# Online resource: The Analysis of Data

This came across my desk this morning: theanalysisofdata.com. The author is former professor of Computer Science named Guy Lebanon, who is now, according to his website the Director of Product Innovation at Netflix.  The text appears to be very rigorous and is notable because he goes all the way from first principles to Limit Theorems that rely on Measure Theory. Here’s a link to his volume on Probability:

http://theanalysisofdata.com/probability/0_2.html

The following passage from the preface caught my eye:

Probability theory is a wide field. This book focuses on the parts of probability that are most relevant for statistics and machine learning ….  Probability textbooks are typically either elementary or advanced. This book strikes a balance by attempting to avoid measure theory where possible, but resorting to measure theory and other advanced material in a few places where they are essential ….

I am not aware of a single textbook that covers the material from probability theory that is necessary and sufficient for an in-depth understanding of statistics and machine learning. This book represents my best effort in that direction.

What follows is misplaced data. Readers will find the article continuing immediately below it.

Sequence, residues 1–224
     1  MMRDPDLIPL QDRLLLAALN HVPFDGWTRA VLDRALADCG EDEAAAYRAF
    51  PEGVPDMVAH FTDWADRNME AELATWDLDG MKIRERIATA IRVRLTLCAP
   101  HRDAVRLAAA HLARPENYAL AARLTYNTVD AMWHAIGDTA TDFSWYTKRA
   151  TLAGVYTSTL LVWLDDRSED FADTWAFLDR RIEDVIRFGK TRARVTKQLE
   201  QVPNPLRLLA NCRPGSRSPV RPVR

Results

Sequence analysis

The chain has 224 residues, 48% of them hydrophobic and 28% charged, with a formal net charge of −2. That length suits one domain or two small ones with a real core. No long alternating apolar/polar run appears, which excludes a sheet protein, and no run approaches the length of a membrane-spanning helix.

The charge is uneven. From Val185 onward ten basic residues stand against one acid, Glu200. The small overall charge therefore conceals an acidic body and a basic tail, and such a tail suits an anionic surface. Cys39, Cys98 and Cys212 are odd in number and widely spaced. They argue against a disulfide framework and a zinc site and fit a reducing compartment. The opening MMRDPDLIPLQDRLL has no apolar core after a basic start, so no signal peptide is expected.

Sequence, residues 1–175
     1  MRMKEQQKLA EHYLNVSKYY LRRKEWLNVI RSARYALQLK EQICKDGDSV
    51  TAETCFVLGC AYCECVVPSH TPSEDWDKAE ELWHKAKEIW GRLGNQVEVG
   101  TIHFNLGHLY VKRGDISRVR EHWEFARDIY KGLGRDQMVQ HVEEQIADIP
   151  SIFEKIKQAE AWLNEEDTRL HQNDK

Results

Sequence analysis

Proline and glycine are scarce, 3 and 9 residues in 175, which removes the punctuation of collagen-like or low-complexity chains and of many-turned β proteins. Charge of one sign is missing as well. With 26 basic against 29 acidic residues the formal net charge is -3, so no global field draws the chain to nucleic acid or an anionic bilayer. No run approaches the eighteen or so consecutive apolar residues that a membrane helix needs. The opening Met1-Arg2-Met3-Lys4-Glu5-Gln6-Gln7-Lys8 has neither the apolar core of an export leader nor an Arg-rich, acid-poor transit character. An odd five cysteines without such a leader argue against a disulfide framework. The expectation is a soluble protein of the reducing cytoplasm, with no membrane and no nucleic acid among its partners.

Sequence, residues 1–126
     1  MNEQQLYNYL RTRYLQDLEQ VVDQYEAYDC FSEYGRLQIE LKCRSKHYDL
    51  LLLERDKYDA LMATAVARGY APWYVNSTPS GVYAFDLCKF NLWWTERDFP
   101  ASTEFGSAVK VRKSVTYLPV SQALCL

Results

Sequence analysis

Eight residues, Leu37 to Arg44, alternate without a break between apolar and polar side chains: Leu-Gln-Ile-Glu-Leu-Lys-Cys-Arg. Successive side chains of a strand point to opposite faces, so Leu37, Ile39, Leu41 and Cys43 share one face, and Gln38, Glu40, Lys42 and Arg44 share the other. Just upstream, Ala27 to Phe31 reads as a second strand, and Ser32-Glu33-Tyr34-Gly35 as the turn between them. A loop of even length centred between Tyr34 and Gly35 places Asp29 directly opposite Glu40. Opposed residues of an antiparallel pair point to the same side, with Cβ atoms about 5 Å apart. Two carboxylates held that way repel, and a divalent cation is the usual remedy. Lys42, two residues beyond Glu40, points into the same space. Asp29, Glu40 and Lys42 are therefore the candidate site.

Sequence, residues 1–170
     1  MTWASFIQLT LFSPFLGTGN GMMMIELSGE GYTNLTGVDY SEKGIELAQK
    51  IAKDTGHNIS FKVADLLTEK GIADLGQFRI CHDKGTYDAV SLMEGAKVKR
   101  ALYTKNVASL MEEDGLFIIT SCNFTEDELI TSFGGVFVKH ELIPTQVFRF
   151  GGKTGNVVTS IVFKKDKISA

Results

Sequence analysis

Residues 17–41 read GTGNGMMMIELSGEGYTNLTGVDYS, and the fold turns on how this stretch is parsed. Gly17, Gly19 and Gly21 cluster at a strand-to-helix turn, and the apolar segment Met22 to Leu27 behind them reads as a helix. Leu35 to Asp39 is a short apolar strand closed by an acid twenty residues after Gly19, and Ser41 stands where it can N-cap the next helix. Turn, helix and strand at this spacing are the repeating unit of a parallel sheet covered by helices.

I often run into students who want to work in Data Science, but who say they are only interested in learning material that is “practical” or “useful.” What has always amazed me about probability and statistics (and mathematics in general) is that, basic, seemingly elementary questions, often have answers often require a substantial mathematical background. In fact, many topics that students now see as abstract theory were first developed to answer very practical questions. I would suggest that Lebanon’s inclusion of measure theory in his text ratifies this thought in the context of data science.

Just as musicians must spend 10,000 hours* practicing on their instruments and learning music theory before they can be creative and establish an individual voice; if you’re ambitious and want to be a “data science genius,” you had better dedicate at least 2,000 of your 10,000 hours to mathematics!

* Yes. I know the 10,000 hours is a matter of correlation rather than causation.  Generally speaking though, if you want to be good at something, you had better be prepared to spend some serious time on it!